In a move that proves that the minds behind the Transformers franchise are still completely missing the point, they’ve added even more human characters to Transformers 3 to be played by Frances McDormand (Burn After Reading), John Malkovich (Burn After Reading), Patrick Dempsey (Grey’s Anatomy), and Ken Jeong (The Hangover, Community).  Maybe they are hoping that bringing in some well respected actors will give the movie credibility.  Unless John Malkovich is playing a Decepticon, I don’t think it will.

Be honest. No one will judge you. What do you think of the Transformers franchise? Are you excited for another installment?


Check out a review of Transformers 2 from the Portland Mercury that nearly made me piss myself laughing: "Robotsploitation"

Imagine, if you will, a world in which newly released films are delivered to your television set, rather than your local movie theater.  There’d be no apathetic teen in a ticket booth to tell you “sorry, we don’t do student discounts on Saturday.” You could forget the seven dollar nachos; just make yourself a ham sandwich, and you know what? Add some extra cheese for free.  You could do away with six dollar sodas from the concession stand; instead, pour yourself a glass of Kool-Aid, or, hey, it’s your house.  Make it a tall glass of vodka. There would be no more sharing your armrest with hairy, obese men in tank-tops, who slowly ooze further into your personal space as the movie progresses.  Instead, maybe you’d share a reclining couch with a hairy, obese, tank-topped significant other.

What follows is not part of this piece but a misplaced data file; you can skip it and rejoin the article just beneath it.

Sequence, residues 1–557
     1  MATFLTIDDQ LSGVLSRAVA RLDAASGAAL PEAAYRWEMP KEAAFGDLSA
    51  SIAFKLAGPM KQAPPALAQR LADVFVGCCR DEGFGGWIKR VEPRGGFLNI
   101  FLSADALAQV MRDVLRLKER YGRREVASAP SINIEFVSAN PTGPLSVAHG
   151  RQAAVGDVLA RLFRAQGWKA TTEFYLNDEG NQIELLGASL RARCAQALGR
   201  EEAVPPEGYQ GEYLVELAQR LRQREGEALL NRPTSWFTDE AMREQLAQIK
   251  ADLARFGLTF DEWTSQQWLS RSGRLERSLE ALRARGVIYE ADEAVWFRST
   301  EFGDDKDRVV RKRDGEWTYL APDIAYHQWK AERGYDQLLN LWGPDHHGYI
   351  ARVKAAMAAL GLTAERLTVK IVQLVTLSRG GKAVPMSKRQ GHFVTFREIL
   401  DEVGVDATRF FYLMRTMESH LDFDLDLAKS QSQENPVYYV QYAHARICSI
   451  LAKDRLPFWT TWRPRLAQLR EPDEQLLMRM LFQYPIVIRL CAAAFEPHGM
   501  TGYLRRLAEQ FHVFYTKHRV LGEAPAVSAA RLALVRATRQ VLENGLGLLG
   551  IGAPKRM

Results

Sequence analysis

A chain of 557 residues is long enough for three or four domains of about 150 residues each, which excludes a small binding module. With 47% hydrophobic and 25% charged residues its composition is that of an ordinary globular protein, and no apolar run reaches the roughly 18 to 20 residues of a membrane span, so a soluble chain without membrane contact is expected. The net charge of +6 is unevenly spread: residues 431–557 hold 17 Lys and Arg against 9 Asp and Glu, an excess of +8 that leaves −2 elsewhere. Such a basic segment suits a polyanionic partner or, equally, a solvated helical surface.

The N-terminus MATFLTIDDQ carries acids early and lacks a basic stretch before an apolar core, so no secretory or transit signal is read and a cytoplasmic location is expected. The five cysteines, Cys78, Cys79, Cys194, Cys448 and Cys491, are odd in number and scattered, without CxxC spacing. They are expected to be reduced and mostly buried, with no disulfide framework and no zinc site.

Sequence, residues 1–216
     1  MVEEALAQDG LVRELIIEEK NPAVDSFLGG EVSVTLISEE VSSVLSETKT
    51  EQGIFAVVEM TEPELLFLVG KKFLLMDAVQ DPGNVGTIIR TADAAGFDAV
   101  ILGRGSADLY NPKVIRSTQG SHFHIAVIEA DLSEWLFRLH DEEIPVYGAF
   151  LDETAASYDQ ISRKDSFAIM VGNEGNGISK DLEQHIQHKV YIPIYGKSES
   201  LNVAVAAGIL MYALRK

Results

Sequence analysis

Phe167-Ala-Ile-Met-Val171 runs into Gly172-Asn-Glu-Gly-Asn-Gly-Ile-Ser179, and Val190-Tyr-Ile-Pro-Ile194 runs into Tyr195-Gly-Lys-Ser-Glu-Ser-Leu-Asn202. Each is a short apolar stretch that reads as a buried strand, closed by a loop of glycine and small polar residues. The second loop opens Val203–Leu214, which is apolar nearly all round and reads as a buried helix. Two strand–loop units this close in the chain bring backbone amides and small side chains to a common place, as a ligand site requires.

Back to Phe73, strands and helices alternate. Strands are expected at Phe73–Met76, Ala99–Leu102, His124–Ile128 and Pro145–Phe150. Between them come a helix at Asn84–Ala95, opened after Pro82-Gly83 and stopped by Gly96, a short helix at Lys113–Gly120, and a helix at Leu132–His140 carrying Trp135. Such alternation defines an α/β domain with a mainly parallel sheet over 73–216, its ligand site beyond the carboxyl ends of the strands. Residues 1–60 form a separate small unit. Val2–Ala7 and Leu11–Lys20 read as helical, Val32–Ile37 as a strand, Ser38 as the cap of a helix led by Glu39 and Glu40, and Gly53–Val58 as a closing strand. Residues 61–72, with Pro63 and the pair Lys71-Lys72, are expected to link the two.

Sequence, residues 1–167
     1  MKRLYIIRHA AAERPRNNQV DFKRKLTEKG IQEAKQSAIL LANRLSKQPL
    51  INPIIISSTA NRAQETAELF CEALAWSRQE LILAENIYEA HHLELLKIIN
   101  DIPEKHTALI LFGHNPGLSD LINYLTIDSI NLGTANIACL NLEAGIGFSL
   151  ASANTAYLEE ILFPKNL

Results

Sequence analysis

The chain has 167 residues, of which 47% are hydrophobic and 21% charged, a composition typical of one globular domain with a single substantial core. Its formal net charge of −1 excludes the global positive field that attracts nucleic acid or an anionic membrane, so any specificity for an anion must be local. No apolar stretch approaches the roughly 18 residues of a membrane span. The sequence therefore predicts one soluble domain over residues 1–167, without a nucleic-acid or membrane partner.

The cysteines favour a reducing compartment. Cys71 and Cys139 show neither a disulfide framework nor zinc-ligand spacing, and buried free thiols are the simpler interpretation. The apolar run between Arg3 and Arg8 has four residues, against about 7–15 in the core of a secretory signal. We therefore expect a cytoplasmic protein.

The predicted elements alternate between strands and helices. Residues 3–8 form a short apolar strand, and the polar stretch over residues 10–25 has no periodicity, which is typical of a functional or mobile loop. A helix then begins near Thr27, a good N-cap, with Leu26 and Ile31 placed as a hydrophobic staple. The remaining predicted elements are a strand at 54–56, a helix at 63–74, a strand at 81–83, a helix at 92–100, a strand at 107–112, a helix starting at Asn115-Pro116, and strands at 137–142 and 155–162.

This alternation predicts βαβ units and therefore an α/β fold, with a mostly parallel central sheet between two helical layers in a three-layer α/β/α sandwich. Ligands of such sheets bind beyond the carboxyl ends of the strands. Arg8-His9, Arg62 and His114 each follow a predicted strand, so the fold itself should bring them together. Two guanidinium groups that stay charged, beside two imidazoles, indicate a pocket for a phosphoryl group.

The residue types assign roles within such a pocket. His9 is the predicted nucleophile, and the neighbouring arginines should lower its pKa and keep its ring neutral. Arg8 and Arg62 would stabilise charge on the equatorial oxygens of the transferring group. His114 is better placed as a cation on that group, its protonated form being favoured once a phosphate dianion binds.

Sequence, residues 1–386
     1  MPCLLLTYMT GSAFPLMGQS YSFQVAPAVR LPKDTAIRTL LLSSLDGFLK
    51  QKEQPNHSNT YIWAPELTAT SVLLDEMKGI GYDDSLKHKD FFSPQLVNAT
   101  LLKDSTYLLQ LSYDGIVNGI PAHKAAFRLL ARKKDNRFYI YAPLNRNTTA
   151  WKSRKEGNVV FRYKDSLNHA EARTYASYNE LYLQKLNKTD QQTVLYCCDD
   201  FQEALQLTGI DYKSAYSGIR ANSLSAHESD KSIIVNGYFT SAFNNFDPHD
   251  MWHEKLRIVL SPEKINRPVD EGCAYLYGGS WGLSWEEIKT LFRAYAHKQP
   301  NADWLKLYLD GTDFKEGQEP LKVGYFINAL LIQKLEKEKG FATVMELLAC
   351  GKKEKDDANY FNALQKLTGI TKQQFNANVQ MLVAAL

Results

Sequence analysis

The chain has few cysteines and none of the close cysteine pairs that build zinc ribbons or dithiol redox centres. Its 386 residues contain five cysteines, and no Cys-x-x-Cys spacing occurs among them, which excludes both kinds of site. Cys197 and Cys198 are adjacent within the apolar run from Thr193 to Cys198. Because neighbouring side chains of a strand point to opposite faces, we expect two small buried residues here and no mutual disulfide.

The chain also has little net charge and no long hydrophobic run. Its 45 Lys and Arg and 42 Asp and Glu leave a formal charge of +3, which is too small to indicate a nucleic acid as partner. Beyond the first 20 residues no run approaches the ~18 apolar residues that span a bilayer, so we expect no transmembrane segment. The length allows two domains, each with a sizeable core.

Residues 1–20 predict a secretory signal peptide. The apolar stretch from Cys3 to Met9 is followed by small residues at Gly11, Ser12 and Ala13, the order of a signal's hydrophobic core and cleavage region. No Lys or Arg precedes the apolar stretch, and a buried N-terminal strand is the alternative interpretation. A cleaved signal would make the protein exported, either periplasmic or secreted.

Well, this imaginary world could easily turn into reality. I just read a piece of news today that has left my mind effectively blown. Read this excerpt from Deadline.com:

Washington, D.C. — The Federal Communications Commission (FCC), saying it was “in the public interest” today approved a request by the Motion Picture Association of America, Inc. (MPAA) to permit recent movies to be sent directly to American households over secure high definition transmission lines from their cable or satellite providers prior to their release on DVD or Blu-ray.

So with new releases going straight to my television and the advent of the mini-fridge, the Xbox, the laptop, the iPhone, Netflix, and the bedpan, I now officially never have to leave my bedroom.  If we aren’t careful, we are actually going to turn into the fat people in flying chairs from WALL-E.

Some people are seeing this as a dick move by production companies to avoid sharing profits with movie theaters.  If this were to happen, many theaters would go under pretty quickly. Although I attempted it earlier, I really can’t picture America without the multiplex.  It might be okay to avoid the theater for a movie like Date Night (which would be ironic) or some other rom-com, but seeing something like Avatar or Iron Man for the first time on anything other than a giant movie screen is borderline blasphemous. Also, how are middle schoolers supposed to make out in the back row of a theater if there aren’t any theaters for their moms to drop them off at?  A whole facet of our social system may collapse!

Even with all of the cost cutting benefits of sidestepping the movie theater, I think overall it kind of…sucks.  Going to the movies is a relatively easy way to have a “night out.” As little as I’m actually doing in a movie theater, it’s still nice to feel like I got out of the house and did something.